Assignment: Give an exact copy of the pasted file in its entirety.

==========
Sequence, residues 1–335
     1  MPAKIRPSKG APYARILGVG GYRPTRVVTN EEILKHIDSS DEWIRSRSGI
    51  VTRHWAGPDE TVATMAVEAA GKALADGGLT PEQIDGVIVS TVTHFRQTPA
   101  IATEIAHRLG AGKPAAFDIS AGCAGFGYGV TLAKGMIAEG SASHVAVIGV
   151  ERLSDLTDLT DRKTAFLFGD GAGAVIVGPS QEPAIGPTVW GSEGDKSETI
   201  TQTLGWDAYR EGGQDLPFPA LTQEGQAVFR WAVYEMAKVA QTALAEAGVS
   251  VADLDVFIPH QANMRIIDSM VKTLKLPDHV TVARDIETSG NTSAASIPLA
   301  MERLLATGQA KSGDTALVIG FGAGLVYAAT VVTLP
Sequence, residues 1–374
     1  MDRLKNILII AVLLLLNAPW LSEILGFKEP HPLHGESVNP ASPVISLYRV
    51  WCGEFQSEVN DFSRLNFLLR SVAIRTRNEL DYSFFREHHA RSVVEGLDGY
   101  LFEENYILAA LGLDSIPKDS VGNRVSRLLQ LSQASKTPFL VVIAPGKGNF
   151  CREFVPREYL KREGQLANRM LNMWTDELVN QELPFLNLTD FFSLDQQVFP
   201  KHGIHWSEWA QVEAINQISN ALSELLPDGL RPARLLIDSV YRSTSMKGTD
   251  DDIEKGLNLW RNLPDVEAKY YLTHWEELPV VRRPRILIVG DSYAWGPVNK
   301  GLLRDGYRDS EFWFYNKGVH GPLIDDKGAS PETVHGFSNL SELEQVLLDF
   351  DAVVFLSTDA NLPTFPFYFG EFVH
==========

Sequence, residues 1–335
     1  MPAKIRPSKG APYARILGVG GYRPTRVVTN EEILKHIDSS DEWIRSRSGI
    51  VTRHWAGPDE TVATMAVEAA GKALADGGLT PEQIDGVIVS TVTHFRQTPA
   101  IATEIAHRLG AGKPAAFDIS AGCAGFGYGV TLAKGMIAEG SASHVAVIGV
   151  ERLSDLTDLT DRKTAFLFGD GAGAVIVGPS QEPAIGPTVW GSEGDKSETI
   201  TQTLGWDAYR EGGQDLPFPA LTQEGQAVFR WAVYEMAKVA QTALAEAGVS
   251  VADLDVFIPH QANMRIIDSM VKTLKLPDHV TVARDIETSG NTSAASIPLA
   301  MERLLATGQA KSGDTALVIG FGAGLVYAAT VVTLP
Sequence, residues 1–374
     1  MDRLKNILII AVLLLLNAPW LSEILGFKEP HPLHGESVNP ASPVISLYRV
    51  WCGEFQSEVN DFSRLNFLLR SVAIRTRNEL DYSFFREHHA RSVVEGLDGY
   101  LFEENYILAA LGLDSIPKDS VGNRVSRLLQ LSQASKTPFL VVIAPGKGNF
   151  CREFVPREYL KREGQLANRM LNMWTDELVN QELPFLNLTD FFSLDQQVFP
   201  KHGIHWSEWA QVEAINQISN ALSELLPDGL RPARLLIDSV YRSTSMKGTD
   251  DDIEKGLNLW RNLPDVEAKY YLTHWEELPV VRRPRILIVG DSYAWGPVNK
   301  GLLRDGYRDS EFWFYNKGVH GPLIDDKGAS PETVHGFSNL SELEQVLLDF
   351  DAVVFLSTDA NLPTFPFYFG EFVH